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Do you object to this Time magazine cover?

Discussion in 'Hangout' started by kenny, May 10, 2012.

Do you object to this Time magazine cover?

  1. I object

    58 vote(s)
    59.8%
  2. I don't object

    39 vote(s)
    40.2%
  1. mrs taylor
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    by mrs taylor » May 10, 2012
    exactly. that's what I was getting at earlier. So I should have asked in the beginning of this thread what the poll really meant. Because the photo doesn't bother me (other than the irritation that it's trying to be IN YOUR FACE) but the title does. A lot.
     
  2. Amber St. Clare
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    by Amber St. Clare » May 10, 2012

    DITTO!!!!!
     
  3. Skippy123
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    by Skippy123 » May 10, 2012
    EXACTLY, why don't we as human beings support each other in what ever we decide instead of questioning our roles as parents!
     
  4. kenny
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    by kenny » May 10, 2012
    Here's a quote from that article: "Her point, in writing the in-depth profile of Sears, seems to be that there are many parents out there left wondering what's right, what's wrong -- and most important -- what makes sense for their families."


    Once again . . . HELLO . . . PEOPLE VARY is not even an option. :angryfire:

    Why is "people vary" so foreign to everyone?
    Why is this "There must be only one RIGHT way!" so frigging pervasive. :handslapshead:
     
    


    


  5. baby monster
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    by baby monster » May 10, 2012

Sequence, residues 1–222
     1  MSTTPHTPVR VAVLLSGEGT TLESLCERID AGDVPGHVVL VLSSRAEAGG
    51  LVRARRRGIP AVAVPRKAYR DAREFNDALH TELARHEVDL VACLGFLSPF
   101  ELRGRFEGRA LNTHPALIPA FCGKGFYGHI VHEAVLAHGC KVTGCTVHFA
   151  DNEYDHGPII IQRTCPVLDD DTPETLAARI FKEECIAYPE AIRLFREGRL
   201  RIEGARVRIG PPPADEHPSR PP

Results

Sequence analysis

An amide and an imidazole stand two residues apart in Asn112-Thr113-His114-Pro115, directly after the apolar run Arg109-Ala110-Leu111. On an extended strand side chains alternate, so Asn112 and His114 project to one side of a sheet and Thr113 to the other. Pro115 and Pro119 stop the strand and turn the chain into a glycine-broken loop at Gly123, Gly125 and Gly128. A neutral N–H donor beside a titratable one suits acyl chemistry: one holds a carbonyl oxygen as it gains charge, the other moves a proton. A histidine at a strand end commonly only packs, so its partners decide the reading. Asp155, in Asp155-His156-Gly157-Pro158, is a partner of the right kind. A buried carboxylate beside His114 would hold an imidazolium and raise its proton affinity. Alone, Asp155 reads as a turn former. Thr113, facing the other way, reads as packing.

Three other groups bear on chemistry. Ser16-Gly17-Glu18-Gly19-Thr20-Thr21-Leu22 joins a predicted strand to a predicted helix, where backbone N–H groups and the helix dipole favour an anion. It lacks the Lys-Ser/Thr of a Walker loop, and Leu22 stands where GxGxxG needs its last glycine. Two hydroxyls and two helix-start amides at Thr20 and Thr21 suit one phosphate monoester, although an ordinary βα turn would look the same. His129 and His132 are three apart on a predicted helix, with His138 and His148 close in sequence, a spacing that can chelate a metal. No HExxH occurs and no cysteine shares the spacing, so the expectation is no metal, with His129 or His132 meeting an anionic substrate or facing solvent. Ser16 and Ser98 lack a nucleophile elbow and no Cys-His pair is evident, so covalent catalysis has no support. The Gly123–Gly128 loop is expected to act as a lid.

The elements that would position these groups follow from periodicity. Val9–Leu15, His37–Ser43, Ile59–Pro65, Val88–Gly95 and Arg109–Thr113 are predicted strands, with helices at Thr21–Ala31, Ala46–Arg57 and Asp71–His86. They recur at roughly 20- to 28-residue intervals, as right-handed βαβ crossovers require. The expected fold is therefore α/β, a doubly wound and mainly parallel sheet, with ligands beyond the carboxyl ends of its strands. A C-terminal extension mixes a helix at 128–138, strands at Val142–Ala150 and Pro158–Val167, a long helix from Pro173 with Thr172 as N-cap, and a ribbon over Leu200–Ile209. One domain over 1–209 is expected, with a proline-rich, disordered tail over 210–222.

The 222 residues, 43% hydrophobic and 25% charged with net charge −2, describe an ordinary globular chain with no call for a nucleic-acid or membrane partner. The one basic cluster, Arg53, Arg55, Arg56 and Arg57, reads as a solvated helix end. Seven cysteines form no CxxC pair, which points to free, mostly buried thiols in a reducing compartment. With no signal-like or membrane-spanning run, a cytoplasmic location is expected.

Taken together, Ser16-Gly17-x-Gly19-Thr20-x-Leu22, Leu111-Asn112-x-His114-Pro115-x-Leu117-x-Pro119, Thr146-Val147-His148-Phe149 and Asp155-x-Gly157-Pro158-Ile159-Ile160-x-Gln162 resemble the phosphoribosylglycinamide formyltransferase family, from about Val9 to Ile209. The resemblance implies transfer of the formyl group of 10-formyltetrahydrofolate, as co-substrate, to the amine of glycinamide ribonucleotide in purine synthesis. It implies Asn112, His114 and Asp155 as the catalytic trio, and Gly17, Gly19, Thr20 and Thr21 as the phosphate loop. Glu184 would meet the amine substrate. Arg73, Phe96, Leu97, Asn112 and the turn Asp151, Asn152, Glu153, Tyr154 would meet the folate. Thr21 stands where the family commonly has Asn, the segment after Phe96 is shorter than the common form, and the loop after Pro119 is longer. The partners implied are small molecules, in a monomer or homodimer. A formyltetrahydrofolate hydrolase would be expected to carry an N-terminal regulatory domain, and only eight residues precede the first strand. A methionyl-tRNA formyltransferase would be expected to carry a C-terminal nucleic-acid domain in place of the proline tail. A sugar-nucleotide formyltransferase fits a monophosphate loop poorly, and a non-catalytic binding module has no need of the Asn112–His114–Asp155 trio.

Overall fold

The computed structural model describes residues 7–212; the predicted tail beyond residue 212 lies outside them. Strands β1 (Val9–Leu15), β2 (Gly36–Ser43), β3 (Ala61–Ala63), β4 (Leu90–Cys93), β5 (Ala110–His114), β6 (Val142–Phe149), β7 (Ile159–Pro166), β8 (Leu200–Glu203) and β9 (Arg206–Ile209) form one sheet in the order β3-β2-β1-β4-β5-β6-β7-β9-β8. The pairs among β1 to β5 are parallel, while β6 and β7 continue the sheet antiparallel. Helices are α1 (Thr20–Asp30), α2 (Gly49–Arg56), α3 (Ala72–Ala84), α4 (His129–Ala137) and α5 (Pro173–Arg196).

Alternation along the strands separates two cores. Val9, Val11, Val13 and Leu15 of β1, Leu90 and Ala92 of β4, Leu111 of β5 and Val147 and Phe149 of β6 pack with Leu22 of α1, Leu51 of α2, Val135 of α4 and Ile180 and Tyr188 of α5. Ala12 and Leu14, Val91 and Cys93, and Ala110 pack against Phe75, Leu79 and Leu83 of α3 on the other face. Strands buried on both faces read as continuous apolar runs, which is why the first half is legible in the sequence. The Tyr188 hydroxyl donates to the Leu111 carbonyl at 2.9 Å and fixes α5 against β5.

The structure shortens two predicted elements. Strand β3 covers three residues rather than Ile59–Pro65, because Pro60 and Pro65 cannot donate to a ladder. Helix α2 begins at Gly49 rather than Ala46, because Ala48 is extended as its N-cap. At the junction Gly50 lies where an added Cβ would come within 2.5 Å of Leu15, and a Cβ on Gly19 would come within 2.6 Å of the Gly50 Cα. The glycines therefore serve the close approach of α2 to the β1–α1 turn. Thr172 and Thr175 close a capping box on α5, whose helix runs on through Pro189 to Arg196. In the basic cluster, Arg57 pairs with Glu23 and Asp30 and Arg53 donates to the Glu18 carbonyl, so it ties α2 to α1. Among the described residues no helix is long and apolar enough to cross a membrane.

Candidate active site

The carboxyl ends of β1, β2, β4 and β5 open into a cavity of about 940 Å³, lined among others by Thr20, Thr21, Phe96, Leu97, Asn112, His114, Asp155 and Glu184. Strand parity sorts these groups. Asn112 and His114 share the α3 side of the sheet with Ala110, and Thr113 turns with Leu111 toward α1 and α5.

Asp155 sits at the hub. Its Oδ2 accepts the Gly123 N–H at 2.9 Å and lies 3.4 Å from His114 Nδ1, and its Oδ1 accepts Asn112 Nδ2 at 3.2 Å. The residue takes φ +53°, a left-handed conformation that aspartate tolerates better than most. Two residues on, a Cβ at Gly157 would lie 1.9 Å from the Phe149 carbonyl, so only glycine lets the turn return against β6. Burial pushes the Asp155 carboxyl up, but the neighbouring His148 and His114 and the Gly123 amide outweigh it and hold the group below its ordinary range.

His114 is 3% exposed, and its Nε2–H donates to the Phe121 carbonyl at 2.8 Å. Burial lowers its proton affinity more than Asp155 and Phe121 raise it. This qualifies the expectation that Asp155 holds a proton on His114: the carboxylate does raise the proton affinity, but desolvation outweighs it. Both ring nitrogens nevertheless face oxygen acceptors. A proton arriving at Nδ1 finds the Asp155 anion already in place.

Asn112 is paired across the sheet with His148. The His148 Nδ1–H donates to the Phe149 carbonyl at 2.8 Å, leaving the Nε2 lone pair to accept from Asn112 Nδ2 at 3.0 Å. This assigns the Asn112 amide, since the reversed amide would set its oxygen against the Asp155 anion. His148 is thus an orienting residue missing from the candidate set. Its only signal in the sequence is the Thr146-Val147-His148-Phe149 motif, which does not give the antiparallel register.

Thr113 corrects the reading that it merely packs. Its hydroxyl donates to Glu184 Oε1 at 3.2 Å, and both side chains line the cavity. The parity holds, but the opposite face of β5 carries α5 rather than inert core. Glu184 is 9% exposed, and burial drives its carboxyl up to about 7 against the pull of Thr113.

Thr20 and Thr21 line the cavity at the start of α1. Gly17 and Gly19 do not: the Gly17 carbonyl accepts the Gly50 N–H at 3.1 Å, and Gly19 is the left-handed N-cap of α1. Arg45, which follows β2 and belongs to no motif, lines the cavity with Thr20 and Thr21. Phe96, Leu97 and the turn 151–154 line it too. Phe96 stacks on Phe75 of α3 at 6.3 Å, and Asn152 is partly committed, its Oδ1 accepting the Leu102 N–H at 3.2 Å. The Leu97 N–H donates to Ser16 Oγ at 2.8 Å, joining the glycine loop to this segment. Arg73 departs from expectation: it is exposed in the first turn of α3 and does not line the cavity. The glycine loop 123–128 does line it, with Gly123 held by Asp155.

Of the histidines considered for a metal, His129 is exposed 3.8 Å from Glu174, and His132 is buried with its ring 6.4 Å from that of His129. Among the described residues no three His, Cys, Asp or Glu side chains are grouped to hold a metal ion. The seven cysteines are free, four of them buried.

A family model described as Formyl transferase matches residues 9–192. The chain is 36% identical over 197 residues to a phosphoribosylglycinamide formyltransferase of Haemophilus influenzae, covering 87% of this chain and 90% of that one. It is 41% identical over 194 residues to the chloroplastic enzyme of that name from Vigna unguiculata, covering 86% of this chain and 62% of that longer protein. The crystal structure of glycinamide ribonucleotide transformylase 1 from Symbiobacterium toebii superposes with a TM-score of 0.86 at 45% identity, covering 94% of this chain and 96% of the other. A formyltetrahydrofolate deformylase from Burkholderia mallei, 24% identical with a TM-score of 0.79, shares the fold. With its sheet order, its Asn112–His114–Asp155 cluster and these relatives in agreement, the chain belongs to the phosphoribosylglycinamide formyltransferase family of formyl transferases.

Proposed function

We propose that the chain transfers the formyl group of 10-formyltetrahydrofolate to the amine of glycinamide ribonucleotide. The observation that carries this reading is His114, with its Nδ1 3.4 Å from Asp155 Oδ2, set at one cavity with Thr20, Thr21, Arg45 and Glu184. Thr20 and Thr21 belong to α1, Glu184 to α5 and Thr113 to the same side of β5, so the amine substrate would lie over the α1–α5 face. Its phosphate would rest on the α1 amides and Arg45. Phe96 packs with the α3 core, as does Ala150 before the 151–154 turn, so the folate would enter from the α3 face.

I don't object to the cover. Nursing in public doesn't hurt anyone and it's not unsanitary as other bodily functions could be. I find the comment upthread "There are lots of natural things the body does, I don't particularly want to witness it" to be misdirected. Nursing does not equal picking your nose or defecating in public.

    I do find the whole attachment parenting concept a bit unusual. Is it really necessary to go to such extremes to raise a happy, well-adjusted child? I'd probably get kicked in the head a few times each night if we ever tried to co-sleep (seriously, that kid is an active sleeper!) :wink2:
     
  6. Imdanny
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    by Imdanny » May 10, 2012
    I don't object because I don't really understand it. Are they tall king about when a child should stop breast feeding? I have no experience with that.

    I just found (I haven't made myself watch it, I can't) out about the video of Fullerton police beating Thomas Kelly to death. That's what I've been thinking about for the past two days. There is so much violence. I don't think I have energy to be object to something like this magazine cover. It seems meant to shock. I don't want to be shocked by a magazine cover if that makes any sense?
     
  7. Laila619
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    by Laila619 » May 10, 2012
    Yes. There are lots of toddlers who are on solids and still ask to nurse. :)
     
  8. ksinger
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    by ksinger » May 10, 2012
    Get over it Kenny, it's a turn of phrase, nothing more. Chill out.
     
  9. monarch64
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    by monarch64 » May 10, 2012
    No, I do not object. You know what I DO object to? Children going hungry. It is still happening in the U.S. and obviously many other countries, but that's not a sexy, sensational, controversial subject that sells magazines since we're all so used to seeing poor little starving children covered with flies on t.v. and being begged by Sally Struthers for money to feed them. But let's get all irate over a mother who has a healthy looking 3 year old at her breast. :rolleyes:

    ETA: Oh, and as far as societal acceptance of breast feeding and to what age, etc. how about this: how about if we all do what is best for our families as we see fit without infringing on the rights of others and just go about our business without getting into others'? Is that so hard? I think there's a saying..."live and let live."

    Editedx2 for clarity
     
  10. Haven
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    by Haven » May 10, 2012
    AMEN.
     
    


    


  11. mrs jam
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    by mrs jam » May 10, 2012